Hana Malik – Curriculum Leader for English
Twitter – @MsHanaMalik
It is that time of year again, where you feel sandwiched between fear and hope: Year 11 students will do as amazingly as you know they can, or, some Year 11 students might not get there.
What we as teachers in the classroom, especially in this last push before final exams, undertake with learners will impact final outcomes. Fact. So how should one decide what to do with those precious remaining lessons?
DTT, Diagnosis Therapy Testing, is not new (is anything in education?) and we all do it, with all groups throughout the academic year. But are there ways to maximise this process to ensure Year 11 students have the best possible chance to achieve highly?
What is DTT?
Diagnosis: Finding out what the student needs.
There are countless ways to garner this information; for Year 11s, and arguably all year groups, the more specific you can be the better. As a teacher, be clear on what it is you wish to know, whether it be the extent to which content has been learnt or how successful students are in applying a skill. Thereafter, you can decide on how to record and track that data.
One way we have tracked Year 11 mock data is through personalised learning checklists – PLCs. This straightforward and effective colour-coded system of logging marks allows you to see where the areas of strength are within a class. You can then deploy ‘experts’ as you wish. It also, vitally, allows teachers to gauge areas of weakness; teachers and students can see the content and/or skill which needs to be revisited, and even the extent to which it needs to be revisited – Is there a trend? How many students under-performed in this area?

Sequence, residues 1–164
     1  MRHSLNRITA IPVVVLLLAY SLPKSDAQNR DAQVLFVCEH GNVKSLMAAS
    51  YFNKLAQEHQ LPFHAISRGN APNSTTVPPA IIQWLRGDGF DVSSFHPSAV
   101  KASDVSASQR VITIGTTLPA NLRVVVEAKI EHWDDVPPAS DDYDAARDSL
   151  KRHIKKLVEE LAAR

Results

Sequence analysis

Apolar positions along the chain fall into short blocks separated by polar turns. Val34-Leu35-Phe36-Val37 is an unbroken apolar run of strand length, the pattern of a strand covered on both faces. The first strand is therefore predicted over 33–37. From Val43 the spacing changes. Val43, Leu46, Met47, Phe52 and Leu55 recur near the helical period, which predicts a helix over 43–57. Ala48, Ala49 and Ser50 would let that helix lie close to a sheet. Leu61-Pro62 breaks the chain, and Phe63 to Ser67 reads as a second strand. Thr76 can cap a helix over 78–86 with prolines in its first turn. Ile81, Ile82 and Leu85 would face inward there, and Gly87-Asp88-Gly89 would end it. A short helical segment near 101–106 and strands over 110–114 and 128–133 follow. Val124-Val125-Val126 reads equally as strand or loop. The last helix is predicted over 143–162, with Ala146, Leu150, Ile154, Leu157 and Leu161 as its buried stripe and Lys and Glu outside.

Example of GCSE Literature mock PLC
Therapy: After identifying areas which need to be ‘treated’, teachers can devise lessons and revision sequences which will secure marginal gains.
This is vital in ensuring DTT is effective. As part of Year 11 therapy, I believe it is important to create and encourage a culture of sharing. What’s working well with specific students? Might it work with other learners? Creating a ‘Best Practice’ folder is one way to do this, carving time into meetings to share practice is another.
Ultimately, teachers having the resources and skills to close gaps is what makes DTT effective. That is to say, this is the bit that means the most and probably takes the most time. But, as every exam class teacher can tell you, it is always worth it.
Examples of therapy, securing marginal gains
Testing: Has it worked?
The only way to know if students have closed that gap you spent time ‘treating’ is by testing, and the test that ought to be sat really depends on what students have gone over.
In Year 11, mocks seem to be the most popular choice. However, there are other options. Quizzes, short and swift, can often highlight how well students know content. Flipped learning is also an enjoyable way to test whether students can transform learning.
More often than not, therapy will prove effective the first time around. And, if it hasn’t, all we can do is try again.